- the role of leader and models of leadership relevant to leading a team
- the importance of critically reflecting on practice and using the results for professional and organisational development
Community development is underpinned by a set of values which distinguish it from other, sometimes related, activities in the community. These values are at the core of community development and underpin each of the standards. The values are;
- Social justice and equality
- Community empowerment
- Collective action
- Working and learning together
The following examples illustrate how each of the community development values might inform practice in this standard. These statements are not part of assessment requirements.
- power differences between managers and practitioners are openly acknowledged and inform the building of effective working relationships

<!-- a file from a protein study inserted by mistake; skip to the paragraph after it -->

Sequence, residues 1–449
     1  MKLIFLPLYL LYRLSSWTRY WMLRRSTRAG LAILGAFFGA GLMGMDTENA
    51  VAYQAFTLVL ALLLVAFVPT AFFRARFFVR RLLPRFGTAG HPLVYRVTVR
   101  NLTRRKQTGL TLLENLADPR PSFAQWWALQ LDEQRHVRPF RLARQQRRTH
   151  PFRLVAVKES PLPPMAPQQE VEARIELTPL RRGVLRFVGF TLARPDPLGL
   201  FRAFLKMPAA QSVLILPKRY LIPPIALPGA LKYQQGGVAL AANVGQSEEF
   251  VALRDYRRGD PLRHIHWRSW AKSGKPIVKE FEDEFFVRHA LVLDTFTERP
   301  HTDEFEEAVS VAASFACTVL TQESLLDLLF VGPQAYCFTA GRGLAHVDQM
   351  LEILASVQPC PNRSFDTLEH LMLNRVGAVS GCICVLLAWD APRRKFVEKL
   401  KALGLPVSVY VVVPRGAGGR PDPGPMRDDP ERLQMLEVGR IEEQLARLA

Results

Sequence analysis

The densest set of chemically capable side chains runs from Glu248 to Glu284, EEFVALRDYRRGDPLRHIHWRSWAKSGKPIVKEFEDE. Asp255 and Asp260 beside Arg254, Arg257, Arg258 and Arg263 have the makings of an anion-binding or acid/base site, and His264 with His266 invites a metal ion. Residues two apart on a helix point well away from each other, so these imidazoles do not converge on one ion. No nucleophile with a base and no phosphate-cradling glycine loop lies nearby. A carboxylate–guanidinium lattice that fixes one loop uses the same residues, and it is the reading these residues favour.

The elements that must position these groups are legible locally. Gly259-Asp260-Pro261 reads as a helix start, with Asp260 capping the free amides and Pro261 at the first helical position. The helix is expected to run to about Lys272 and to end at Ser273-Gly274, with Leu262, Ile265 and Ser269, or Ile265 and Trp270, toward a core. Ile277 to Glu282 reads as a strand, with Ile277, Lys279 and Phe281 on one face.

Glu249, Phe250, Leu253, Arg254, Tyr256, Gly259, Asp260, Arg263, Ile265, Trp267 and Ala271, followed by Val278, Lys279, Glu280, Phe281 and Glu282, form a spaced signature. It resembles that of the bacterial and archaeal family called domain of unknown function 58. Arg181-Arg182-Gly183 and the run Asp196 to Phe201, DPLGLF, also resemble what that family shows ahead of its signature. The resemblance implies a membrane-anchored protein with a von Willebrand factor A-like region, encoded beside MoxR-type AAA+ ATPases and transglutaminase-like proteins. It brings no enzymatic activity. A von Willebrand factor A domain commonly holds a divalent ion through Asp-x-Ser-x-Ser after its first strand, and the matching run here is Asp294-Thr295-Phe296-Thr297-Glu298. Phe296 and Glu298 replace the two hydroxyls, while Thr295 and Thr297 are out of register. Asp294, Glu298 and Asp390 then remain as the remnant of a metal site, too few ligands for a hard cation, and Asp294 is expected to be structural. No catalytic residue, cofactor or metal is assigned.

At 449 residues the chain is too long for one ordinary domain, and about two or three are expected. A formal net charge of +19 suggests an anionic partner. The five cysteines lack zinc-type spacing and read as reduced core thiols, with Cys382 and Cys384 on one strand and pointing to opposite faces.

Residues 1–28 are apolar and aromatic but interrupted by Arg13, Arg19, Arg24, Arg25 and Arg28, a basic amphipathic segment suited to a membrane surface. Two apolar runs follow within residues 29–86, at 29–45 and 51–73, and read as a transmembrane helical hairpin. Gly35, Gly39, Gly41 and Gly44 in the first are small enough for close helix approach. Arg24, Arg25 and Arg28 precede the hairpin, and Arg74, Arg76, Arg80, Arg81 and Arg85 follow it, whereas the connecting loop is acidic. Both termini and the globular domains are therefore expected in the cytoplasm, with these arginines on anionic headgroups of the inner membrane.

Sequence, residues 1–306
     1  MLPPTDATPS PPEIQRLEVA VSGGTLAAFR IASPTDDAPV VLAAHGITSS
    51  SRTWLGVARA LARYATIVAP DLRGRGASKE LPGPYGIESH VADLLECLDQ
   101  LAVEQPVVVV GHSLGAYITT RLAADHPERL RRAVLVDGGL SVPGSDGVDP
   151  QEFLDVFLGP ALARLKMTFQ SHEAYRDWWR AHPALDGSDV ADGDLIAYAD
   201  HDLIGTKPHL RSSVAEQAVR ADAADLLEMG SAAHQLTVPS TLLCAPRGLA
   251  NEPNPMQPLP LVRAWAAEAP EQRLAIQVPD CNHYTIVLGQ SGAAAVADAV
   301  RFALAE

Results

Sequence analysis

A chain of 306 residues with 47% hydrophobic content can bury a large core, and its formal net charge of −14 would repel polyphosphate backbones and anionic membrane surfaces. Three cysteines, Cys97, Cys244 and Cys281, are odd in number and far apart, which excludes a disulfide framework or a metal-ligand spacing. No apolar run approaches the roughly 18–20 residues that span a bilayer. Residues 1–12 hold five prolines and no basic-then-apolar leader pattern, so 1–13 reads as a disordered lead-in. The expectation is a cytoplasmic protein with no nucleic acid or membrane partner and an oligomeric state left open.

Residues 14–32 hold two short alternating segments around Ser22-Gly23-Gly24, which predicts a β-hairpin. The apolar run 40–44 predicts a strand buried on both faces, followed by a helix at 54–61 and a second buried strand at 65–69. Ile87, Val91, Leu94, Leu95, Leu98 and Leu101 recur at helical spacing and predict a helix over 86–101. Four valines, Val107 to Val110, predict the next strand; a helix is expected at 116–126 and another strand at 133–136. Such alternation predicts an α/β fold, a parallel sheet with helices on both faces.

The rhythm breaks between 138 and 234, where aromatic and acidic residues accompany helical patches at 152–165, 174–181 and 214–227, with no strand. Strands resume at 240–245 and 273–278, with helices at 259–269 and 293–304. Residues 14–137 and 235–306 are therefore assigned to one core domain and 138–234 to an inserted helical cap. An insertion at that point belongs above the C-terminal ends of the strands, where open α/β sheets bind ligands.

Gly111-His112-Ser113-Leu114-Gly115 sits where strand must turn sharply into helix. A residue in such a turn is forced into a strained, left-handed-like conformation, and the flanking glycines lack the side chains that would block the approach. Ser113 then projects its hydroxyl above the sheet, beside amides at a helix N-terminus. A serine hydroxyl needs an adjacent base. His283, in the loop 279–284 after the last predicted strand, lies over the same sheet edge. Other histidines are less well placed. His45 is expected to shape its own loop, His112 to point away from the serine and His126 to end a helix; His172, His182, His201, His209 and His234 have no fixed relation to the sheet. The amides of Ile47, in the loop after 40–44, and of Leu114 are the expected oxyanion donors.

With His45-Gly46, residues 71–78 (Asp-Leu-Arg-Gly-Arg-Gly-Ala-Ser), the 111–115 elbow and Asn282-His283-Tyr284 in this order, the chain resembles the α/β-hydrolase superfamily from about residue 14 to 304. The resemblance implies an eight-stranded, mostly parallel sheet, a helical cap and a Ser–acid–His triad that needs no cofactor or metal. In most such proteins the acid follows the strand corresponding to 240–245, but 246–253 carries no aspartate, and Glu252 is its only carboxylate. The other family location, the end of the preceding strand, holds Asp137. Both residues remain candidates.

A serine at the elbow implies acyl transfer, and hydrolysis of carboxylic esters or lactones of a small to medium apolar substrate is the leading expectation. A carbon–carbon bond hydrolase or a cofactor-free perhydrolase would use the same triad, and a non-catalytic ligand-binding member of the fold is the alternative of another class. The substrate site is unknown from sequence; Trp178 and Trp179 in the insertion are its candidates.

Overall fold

- managers support practitioners to challenge inappropriate behaviour towards, and inappropriate attitudes and approaches to communities
- practitioners negotiate their role and input within communities
- practitioners are resourced and encouraged to attend networking events
- community members and practitioners are supported to jointly produce case studies to celebrate their activities and show their impact
Involves being responsible within and to communities for the actions taken and decisions made; and the opportunities for members of communities to hold to account representatives, decision-makers, groups and individuals working on behalf of communities
Working together with others to achieve a common aim.
The web of personal relationships, groups, networks, traditions and patterns of behaviour that can develop among those who share a geographic area or identity or interest.
Community development practitioner
A person doing community development work as a paid worker, unpaid worker, group member, community activist or volunteer.